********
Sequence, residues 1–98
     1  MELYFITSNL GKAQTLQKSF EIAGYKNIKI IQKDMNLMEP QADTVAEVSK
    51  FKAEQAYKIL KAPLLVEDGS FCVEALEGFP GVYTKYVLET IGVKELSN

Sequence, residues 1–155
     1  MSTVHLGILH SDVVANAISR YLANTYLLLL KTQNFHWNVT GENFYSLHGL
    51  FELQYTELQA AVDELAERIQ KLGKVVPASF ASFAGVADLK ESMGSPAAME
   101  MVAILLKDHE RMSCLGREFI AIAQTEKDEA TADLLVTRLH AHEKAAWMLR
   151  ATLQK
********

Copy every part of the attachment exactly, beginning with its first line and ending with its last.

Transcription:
Sequence, residues 1–98
     1  MELYFITSNL GKAQTLQKSF EIAGYKNIKI IQKDMNLMEP QADTVAEVSK
    51  FKAEQAYKIL KAPLLVEDGS FCVEALEGFP GVYTKYVLET IGVKELSN

Sequence, residues 1–155
     1  MSTVHLGILH SDVVANAISR YLANTYLLLL KTQNFHWNVT GENFYSLHGL
    51  FELQYTELQA AVDELAERIQ KLGKVVPASF ASFAGVADLK ESMGSPAAME
   101  MVAILLKDHE RMSCLGREFI AIAQTEKDEA TADLLVTRLH AHEKAAWMLR
   151  ATLQK